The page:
With a Strike on the Horizon, Negotiations Resume Today

Oliver Trojak
Contributing Writer

Pennsylvania’s state university system faculty union announced last week that on Oct. 19 its professors – including those at ESU – will strike unless a tentative labor agreement is reached.

The Association of Pennsylvania State College and University Faculties (APSCUF), and Pennsylvania’s State System of Higher Education (PASSHE), the entity responsible for managing educational, fiscal and personnel policies, have been unable to settle a new contract.

Professors are currently working under the terms of the previous contract, which expired in June 2015.

According to both sides, areas of contention include compensation, healthcare, adjustments in workloads, hiring qualifications, use of adjuncts and policy on distance education.

“We need to reach a resolution that preserves the quality of our universities, that supports our students, and is fair to faculty,” said Dr. Kenneth M. Mash, president of APSCUF, who announced the strike date during a live-streamed videoconference from Harrisburg last Friday.

ESU President Marcia Welsh said, “I sincerely regret the distraction the strike authorization vote has brought to our campus. We are doing our very best to ensure we are not sidetracked from our primary mission which is to educate our students.”

“ESU remains fully operational despite the faculty union’s threat of a strike on October 19 as announced in their press conference this morning,” Welsh continued.

“Our administrative team is working diligently with the State System office in Harrisburg on contingency plans, should a strike occur, in order to keep ESU open.”

Through June 2016, APSCUF and PASSHE negotiators had met 14 times by PASSHE’s count. By then, a multi-year proposal was on the table.

This proposal’s goal is “to modernize a number of areas of the long-serving collective bargaining agreement with APSCUF to better reflect the demand of higher education today, addressing areas including temporary faculty, paid sabbatical leave, and online learning, among others. It also seeks to update the faculty healthcare plan to mirror the plan used by other System employee,” according to PASSHE’s press release on the June proposal.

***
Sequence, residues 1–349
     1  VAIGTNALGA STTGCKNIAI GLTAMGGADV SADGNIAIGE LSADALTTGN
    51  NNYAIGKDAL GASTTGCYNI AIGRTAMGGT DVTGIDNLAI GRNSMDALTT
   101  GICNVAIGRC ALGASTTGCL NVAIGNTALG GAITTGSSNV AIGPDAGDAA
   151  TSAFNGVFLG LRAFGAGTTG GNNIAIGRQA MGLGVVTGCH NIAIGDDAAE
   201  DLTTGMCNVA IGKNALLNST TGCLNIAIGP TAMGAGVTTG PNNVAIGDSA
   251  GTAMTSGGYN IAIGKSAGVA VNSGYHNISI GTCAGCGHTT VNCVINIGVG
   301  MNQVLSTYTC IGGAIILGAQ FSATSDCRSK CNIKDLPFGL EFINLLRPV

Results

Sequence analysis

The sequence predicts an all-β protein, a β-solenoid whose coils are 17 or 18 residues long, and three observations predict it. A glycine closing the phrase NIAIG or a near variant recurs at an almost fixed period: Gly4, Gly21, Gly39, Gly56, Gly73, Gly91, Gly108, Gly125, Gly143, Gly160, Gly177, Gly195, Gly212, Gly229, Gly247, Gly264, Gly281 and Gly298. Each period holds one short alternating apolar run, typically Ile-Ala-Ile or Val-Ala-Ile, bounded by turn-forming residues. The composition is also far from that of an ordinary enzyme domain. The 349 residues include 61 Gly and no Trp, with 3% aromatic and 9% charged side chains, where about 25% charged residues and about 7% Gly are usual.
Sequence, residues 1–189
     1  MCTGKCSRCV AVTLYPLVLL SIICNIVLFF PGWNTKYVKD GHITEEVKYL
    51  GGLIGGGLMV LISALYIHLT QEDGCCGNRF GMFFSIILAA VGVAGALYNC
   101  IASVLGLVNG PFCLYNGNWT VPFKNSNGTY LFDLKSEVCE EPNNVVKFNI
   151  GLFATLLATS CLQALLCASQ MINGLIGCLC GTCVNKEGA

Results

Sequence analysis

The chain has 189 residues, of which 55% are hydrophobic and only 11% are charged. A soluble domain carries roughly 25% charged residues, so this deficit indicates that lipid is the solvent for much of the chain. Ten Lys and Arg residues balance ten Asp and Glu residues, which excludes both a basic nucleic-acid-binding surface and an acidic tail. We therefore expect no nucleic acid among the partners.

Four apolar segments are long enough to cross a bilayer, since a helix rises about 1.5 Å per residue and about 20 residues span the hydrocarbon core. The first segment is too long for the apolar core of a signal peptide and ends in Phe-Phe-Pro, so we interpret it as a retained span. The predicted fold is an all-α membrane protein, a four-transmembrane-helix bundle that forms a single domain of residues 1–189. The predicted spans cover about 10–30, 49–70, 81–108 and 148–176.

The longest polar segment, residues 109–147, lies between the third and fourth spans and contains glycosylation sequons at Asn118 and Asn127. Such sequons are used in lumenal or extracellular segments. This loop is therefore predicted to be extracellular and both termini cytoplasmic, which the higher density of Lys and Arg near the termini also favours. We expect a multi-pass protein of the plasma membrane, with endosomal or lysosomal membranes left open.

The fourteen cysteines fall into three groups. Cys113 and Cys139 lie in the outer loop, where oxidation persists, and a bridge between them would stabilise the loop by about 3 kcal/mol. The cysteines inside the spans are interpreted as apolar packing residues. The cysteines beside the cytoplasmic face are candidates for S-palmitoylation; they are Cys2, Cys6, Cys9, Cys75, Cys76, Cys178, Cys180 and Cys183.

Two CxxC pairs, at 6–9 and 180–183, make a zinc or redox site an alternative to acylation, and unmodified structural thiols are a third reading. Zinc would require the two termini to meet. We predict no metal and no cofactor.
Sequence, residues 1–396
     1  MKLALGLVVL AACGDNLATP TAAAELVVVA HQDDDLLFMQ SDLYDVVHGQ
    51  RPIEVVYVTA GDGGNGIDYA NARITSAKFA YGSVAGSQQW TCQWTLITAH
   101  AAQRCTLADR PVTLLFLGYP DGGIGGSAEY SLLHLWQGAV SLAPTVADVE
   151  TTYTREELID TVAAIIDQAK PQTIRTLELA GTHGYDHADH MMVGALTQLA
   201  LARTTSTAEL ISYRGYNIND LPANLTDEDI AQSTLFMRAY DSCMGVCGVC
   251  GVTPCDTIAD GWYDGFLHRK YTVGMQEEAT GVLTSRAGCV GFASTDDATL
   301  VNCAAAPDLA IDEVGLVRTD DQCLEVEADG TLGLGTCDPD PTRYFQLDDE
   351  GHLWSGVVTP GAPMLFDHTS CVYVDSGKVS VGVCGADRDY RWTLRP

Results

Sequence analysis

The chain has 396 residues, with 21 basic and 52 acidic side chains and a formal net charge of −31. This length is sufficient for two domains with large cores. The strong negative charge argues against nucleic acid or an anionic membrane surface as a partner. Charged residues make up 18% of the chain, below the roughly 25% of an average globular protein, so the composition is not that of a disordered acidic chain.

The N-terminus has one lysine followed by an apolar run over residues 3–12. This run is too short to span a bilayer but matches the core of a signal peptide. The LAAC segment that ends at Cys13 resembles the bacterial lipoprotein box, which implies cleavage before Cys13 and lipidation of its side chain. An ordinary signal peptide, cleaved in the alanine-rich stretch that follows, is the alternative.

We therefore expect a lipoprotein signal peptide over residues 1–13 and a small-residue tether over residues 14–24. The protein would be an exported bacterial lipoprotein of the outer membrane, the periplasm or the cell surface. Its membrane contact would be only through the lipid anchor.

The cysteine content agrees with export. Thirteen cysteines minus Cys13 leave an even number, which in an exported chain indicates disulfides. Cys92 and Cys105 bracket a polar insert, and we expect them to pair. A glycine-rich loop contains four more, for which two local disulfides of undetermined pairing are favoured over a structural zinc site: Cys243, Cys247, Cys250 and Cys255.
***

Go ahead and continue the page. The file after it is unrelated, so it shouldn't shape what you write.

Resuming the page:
This multi-year proposal was rejected.

Mash stated in a June press release in response to the multiyear proposal, “As the faculty and coaches responsible for providing a quality education, we place students at the center of our decisions.”

“But the changes the State System wants to make to our contract would make it nearly impossible for our members to deliver that quality,” he continued.

After additional meetings held through the summer produced no agreement, faculty unions at all 14 state system campuses brought a strike-authorization vote to all its members in September.

The ensuing September vote authorized APSCUF leadership to call a strike.

Previous strike-authorization votes were held in 1999, 2003, 2007, and 2011, according to PASSHE spokesman Kenn Marshall.

The previous four contract negotiations provided consent to call a strike. However, settlements were reached each time averting the need to strike.

Marshall indicated the length of time for an agreement to be reached after a strike authorization vote “has varied considerably” ranging from approximately three weeks in 1999 to as long as about four months in 2003.

Meanwhile, classes continue to be held as normal at ESU.

Both sides have stated their intent to avoid a strike.

Both sides indicated earlier this week that they will meet today.

On Oct. 4, APSCUF will hold an information session. The time and location have not yet been announced.

The state system and APSCUF provide student center pages with information regarding the contract talks.

For more information, visit


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